A common misconception holds that we can achieve economic development if only donors would provide financial assistance. Donor assistance can indeed be important, but rarely that decisive. The fact of the matter is that almost no country has developed through donors’ financing. After all, there are infinite ways in which funds can be wasted. The observed correlation between economic development donor assistance for many countries is a mirage that is obscuring the more fundamental role of another underlying factor.
In general, given the right conditions, donors are willing to help most countries. But that assistance would only continue if a country can demonstrate that it can use the resources well and implement reforms. As we may soon find out, donor pledges don’t mean anything when there are implementation failures. The Gambia coming out from under years of dictatorship has engendered goodwill among many of our partners, but I hope the country realizes that the goodwill does not flow from an eternal spring.
If a country starts demonstrating that it can implement reforms and policies, it will attract aid and support from all corners. Rwanda is a key example. Many of that country’s development partners have overlooked certain undemocratic practices and continued to provide major assistance. This is because donors like to see that their assistance is producing meaningful results.
So a correlation between donor assistance and development can be observed such that one can conclude mistakenly that donor assistance is the cause of development. But in reality, it is the implementation efficiency that is attracting donor assistance, and their interaction leads to economic progress. In other words, Rwanda has been experiencing progress not necessarily because donor funds have been flowing into the country, but because the Kagame-led government has been relatively efficient at utilizing those funds due mainly to having competent people in key positions of government.
The way economic development occurs is how effectively funds are used and how policies are implemented. And what determines efficient implementation is having the right individuals in the right positions. This means progress is not due to the quantity of aid received or the exquisiteness of the sector policy and strategy documents, which are often produced by outside consultants. Money and documents cannot substitute for competent officials.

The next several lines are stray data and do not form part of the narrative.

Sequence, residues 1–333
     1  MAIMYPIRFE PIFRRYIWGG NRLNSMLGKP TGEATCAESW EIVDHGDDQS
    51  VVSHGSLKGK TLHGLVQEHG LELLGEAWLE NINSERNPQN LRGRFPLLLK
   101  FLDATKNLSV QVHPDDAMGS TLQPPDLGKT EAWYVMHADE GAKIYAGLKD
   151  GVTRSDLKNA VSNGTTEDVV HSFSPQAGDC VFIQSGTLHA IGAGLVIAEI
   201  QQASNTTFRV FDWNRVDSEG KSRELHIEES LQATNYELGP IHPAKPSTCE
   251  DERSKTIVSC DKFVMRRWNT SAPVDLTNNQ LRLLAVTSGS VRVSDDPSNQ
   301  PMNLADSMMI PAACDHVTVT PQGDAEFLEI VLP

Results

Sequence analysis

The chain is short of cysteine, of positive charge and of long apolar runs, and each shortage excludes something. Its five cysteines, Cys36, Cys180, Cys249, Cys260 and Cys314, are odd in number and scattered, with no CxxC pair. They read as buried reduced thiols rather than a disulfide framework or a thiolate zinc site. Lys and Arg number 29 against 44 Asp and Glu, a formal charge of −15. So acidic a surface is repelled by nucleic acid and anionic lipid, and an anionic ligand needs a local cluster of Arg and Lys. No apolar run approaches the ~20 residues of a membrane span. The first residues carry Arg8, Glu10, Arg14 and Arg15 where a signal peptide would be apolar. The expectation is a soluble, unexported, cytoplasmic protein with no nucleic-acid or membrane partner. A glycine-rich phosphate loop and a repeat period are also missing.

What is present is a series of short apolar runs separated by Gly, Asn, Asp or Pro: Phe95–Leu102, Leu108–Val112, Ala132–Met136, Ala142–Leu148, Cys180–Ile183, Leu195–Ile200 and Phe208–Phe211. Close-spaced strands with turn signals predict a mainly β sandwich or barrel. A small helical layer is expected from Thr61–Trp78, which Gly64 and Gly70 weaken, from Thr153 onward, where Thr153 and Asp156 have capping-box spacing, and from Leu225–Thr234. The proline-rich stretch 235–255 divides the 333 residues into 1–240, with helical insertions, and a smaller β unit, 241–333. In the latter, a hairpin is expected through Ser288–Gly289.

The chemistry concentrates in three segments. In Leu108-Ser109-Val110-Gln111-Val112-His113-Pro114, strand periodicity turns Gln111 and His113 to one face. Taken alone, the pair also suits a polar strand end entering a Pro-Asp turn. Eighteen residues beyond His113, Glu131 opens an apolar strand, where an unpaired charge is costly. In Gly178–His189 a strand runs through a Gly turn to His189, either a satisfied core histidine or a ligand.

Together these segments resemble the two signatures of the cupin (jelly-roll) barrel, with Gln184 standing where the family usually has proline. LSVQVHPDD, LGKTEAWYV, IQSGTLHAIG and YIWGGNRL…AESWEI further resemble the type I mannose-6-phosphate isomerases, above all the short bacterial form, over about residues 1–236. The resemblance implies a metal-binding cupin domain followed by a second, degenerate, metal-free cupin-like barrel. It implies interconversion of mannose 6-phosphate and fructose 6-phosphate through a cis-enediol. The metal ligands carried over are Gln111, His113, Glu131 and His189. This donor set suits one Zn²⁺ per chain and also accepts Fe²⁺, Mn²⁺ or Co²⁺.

Having the right individuals in the right positions in government does not just happen. It is determined by the leadership at the very top of the government recognizing the importance of talent and ensuring that key appointments are based on competence. The unavoidable factor when observing the differential development outcomes of countries is how effective the leadership is in recognizing, attracting and retaining talent.
Let’s contrast our country with that of Singapore, an Asian nation that Jawara’s government at one point sought to emulate, but failed in doing so. The differences between the two countries today is so great that simply comparing their features may seem rather pointless. However, what I find illuminating are the autobiographies of the founding leaders of the two countries (Kairaba by Dawda Kairaba Jawara versus From Third World to First by Lee Kwan Yew), which tell us how different these leaders have been in recognizing the importance of competence and effectively utilizing it. It goes without saying that there are other differences between the two countries and that I do not ascribe all differences between the two countries on this issue.